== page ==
I was discussing the political economy last night. This is not especially surprising: it is something I am inclined to do. It so happened that the conversation was with someone broadly of my own age. And rather unsurprisingly the election was debated. But our concern was with how this election still appears to be ignoring the needs of the younger voter and is focussec instead on the whims and desires of those looking forward to, as my friend put it, their well earned three cruises a year.
Three themes were discussed. The first was housing. My friend has a passion for the issue, and is actually doing something to raise funding for house building. His passion is matched by a hatred for the carbon inefficiency and taxic elements in conventional house building, cement being his particular gripe last night. Powder coated, foam filled, dual layer steel is his favoured material. Think about it. Have you seen any of those industrial sheds built of the stuff go rusty? And you can have your house any colour you like. The supposed inability of this country to meet housing need because of a shortage of bricks and their layers could be solved in other words.
Then there was the issue of education. The cud was chewed.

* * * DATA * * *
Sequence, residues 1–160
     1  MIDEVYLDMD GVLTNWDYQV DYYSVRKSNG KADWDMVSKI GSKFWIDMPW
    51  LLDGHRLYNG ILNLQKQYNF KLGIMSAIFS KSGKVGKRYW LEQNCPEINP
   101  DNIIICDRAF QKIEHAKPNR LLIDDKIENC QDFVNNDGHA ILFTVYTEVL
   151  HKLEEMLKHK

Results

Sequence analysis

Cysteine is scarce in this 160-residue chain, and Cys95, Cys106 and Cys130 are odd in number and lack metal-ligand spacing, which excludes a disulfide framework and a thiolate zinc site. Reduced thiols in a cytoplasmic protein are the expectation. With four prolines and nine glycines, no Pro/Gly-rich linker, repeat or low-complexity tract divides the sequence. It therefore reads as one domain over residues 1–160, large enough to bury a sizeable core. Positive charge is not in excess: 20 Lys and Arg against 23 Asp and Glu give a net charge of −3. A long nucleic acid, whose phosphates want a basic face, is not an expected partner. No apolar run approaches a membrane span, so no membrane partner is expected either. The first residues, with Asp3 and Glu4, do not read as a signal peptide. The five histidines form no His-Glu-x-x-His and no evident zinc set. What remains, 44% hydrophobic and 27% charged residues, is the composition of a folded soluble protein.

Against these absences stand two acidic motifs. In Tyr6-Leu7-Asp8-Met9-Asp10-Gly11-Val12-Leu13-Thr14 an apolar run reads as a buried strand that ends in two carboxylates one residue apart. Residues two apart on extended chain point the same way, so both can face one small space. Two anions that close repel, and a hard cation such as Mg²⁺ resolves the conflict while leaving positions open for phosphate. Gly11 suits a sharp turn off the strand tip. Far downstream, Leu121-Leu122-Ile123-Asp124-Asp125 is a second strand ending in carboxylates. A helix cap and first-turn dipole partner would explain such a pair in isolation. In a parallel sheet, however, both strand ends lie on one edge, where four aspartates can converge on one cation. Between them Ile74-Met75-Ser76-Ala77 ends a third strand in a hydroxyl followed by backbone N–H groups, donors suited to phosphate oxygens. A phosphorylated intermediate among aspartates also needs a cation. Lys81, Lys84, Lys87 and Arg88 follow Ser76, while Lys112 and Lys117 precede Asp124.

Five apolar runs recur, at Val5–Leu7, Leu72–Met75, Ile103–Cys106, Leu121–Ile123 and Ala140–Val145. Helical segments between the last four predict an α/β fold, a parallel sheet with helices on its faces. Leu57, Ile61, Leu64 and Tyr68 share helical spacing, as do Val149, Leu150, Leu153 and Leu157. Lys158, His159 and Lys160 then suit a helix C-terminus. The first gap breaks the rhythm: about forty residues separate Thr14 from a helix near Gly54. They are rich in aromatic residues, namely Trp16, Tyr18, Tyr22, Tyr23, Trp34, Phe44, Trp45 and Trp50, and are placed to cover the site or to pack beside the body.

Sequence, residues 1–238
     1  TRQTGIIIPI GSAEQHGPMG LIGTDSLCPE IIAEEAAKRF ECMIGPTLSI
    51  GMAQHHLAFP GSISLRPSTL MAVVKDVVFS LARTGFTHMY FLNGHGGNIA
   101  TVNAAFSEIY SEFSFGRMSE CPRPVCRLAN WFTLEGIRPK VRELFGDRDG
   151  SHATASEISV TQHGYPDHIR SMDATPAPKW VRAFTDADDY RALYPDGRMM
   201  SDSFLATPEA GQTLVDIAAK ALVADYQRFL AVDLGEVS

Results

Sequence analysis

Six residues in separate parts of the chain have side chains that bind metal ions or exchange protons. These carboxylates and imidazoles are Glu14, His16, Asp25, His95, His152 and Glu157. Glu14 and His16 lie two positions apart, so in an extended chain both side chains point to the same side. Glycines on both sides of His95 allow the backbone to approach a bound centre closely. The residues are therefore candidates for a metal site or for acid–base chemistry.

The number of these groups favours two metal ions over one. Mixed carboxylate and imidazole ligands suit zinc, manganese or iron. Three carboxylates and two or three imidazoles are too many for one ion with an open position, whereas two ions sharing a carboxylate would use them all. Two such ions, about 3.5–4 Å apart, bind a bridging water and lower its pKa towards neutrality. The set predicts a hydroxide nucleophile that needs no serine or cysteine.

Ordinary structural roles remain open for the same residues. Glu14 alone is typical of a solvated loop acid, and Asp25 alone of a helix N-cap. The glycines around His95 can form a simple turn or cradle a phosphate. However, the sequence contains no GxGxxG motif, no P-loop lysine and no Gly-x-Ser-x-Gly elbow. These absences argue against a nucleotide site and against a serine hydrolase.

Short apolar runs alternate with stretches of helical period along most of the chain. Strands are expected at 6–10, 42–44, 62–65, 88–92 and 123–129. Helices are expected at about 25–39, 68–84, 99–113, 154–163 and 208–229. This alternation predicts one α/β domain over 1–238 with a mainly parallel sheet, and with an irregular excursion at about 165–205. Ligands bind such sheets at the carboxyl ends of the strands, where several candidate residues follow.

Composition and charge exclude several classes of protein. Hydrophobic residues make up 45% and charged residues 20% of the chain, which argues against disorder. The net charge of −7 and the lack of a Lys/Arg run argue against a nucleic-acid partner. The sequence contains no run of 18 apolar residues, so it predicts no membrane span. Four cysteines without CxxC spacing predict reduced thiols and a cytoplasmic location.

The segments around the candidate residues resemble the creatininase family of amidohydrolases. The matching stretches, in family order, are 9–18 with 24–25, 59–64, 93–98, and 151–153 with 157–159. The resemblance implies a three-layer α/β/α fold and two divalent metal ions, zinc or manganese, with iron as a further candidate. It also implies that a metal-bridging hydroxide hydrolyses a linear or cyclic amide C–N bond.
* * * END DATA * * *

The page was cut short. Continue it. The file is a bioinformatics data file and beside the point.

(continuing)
But that rapidly morphed into discussion of tuition fees. My friend shares my hypothesis that pensions involve an inter-generational contract. This requires that one generation agrees to leave enough real capital for use by the next generation in exchange for that next generation giving up part of its income to maintain those in retirement. Capital in this sense is the stuff that the next generation can use that means they can afford to give up current income to maintain the elderly – because that is exactly what we ask them to do via the pensions system. And as we agreed, tuition fees fail this test. Instead of leaving the next generation with the capital (higher education) they need to make income they can use to keep the elderly in retirement we are charging them for it.
No wonder the young are disengaged with a political system so heavily rigged against them. Our solution was simple. Student debt needs to be cancelled. New long term bonds issued at an effective zero per cent interest cost can be used for the task. The net cost is nothing because redemption could be set for a considerable time in the future. And we should accept the practical reality that our society can and actually does in real current terms afford the cost of training young people to first degree level. After all, given that most student debt has not been repaid the current real cost has actually been incurred to date but just shuffled via some dubious accounting onto the balance sheet where it is hoped an uncertain recovery of the cost might be possible.
So, we discussed three issues and ended up with two pro-younger people policies. One is sustainable housing to meet modern need with lower carbon impact . The other is to write off student debt. Bith can be done. I am not expecting takers this time round.